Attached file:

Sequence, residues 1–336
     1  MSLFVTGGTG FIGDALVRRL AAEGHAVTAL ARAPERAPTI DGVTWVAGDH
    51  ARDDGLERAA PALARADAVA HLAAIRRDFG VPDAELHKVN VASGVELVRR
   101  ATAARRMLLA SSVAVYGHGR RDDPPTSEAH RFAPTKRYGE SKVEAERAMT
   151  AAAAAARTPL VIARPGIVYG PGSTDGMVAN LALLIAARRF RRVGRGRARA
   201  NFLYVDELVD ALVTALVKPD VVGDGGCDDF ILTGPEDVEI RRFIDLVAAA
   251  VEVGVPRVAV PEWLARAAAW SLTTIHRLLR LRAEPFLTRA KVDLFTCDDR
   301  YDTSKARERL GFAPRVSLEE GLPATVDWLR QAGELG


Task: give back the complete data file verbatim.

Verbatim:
Sequence, residues 1–336
     1  MSLFVTGGTG FIGDALVRRL AAEGHAVTAL ARAPERAPTI DGVTWVAGDH
    51  ARDDGLERAA PALARADAVA HLAAIRRDFG VPDAELHKVN VASGVELVRR
   101  ATAARRMLLA SSVAVYGHGR RDDPPTSEAH RFAPTKRYGE SKVEAERAMT
   151  AAAAAARTPL VIARPGIVYG PGSTDGMVAN LALLIAARRF RRVGRGRARA
   201  NFLYVDELVD ALVTALVKPD VVGDGGCDDF ILTGPEDVEI RRFIDLVAAA
   251  VEVGVPRVAV PEWLARAAAW SLTTIHRLLR LRAEPFLTRA KVDLFTCDDR
   301  YDTSKARERL GFAPRVSLEE GLPATVDWLR QAGELG